Samsung Announces New 50MP Dual-Pixel and Quad-Bayer ISOCELL Sensor

Samsung today has announced a brand-new flagship sensor in the form of the ISOCELL GN1. The new sensor is seemingly a follow-up to the 108MP ISOCELL HMX and HM1 sensors that we’ve seen employed by Xiaomi devices and the Galaxy S20 Ultra.

The big changes in the new GN1 is that it uses are different optical formula to the existing larger megapixel sensors. It’s only a bit less than half the resolution at a maximum of 50 megapixels, however the per-pixel pitch grows from 0.8µm to 1.2µm.

It seems that Samsung’s main rationale to grow to a larger pixel pitch wasn’t just the per-pixel increased light gathering ability, but rather the enablement to re-introduce full sensor dual-pixel phase-detection. The existing 108MP sensors that have been out in the market have been using 2×1 distributed on-chip lens phase detection autofocus pixels on the sensor, with the autofocus performance not been nearly as performant and a dual-pixel PD solution. In theory, the GN1 using dual-pixel PD pixels means that it uses pairs of 0.6µm x 1.2µm photo sites.

The GN1 is also the first sensor to pair the dual-pixel technology with a quad-bayer colour filter array, which Samsung calls Tetracell. In effect, the 50MP sensor will natively bin 2×2 pixels to produce a 12.5MP image with effective pixel pitches of 2.4µm. Interestingly, Samsung also talks about providing software algorithms to be able to produce 100MP images by using information from each individual photodiode – which all sounds like pixel-shift super resolution techniques.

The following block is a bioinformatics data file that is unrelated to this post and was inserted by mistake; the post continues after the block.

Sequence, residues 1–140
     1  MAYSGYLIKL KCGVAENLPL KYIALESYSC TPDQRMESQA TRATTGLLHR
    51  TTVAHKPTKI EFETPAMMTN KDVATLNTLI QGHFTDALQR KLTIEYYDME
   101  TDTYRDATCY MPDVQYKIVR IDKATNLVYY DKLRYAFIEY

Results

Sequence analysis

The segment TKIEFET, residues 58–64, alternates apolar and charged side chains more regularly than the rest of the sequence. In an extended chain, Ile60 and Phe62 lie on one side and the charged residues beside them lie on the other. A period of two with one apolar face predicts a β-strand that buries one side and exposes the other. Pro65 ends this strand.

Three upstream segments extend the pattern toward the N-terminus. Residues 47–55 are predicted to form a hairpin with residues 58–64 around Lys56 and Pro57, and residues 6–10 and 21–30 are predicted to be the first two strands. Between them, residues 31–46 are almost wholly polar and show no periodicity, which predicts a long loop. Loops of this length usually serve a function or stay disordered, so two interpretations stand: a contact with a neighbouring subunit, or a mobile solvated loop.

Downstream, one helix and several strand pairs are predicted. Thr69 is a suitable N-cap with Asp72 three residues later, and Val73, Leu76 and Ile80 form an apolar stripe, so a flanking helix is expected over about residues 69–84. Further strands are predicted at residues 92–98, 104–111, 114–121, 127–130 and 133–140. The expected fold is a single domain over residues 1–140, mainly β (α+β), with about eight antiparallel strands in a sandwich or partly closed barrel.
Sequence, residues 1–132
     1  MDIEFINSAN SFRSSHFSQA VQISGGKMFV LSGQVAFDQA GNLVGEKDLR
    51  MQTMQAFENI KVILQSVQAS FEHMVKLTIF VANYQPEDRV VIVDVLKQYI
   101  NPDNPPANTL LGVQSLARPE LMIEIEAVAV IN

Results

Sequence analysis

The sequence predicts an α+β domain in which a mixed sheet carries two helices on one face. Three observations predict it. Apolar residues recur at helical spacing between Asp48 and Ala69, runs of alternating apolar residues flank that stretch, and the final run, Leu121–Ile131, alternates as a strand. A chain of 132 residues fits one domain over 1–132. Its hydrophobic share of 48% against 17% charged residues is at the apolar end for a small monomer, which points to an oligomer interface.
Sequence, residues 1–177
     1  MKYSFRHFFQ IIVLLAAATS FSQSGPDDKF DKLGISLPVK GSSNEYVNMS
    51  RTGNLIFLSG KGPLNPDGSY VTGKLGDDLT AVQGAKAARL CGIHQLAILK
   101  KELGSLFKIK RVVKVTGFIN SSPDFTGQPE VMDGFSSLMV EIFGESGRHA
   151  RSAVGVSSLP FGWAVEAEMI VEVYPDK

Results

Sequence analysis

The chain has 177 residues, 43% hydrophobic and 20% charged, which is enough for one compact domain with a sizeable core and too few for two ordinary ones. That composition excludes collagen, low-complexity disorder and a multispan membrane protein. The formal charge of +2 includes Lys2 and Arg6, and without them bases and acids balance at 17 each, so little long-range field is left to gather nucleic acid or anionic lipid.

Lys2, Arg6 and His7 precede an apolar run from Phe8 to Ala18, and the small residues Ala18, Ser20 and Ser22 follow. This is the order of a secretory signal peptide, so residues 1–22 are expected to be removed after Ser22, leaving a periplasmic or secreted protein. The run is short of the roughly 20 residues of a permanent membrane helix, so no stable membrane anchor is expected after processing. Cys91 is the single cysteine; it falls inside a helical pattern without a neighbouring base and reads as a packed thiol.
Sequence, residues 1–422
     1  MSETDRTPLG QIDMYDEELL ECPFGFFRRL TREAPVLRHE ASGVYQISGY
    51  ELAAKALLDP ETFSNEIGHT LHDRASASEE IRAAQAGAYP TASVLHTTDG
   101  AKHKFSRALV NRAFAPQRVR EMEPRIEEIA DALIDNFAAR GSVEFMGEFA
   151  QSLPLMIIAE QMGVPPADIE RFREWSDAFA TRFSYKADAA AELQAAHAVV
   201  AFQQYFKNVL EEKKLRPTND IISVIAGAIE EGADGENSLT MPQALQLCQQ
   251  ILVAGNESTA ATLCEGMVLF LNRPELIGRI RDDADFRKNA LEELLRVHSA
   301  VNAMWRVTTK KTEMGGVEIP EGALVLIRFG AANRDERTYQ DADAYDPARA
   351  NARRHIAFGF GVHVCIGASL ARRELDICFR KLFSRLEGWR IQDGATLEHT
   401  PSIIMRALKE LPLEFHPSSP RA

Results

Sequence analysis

The size of the sensor remains at a large 1/1.33” – in essence it’s most comparable to Huawei’s current 50MP sensor that is found in the P40 series phones – with the addition of Dual Pixel PD.

The sensor still supports 8K30 video recording, but we hope it’s able to achieve this with a smaller image crop compared to the current HM1 implementation in the S20 Ultra.

These new generation sensors are extremely challenging for vendors to properly use – besides the increased computational workload to actually use the full resolutions (the reduction from 108MP to 50MP will help there), there’s also the challenge of providing adequate optics that can take advantage of the resolution. It seems the GN1 here is a bit more reasonable in its demands, other than its sheer large size.

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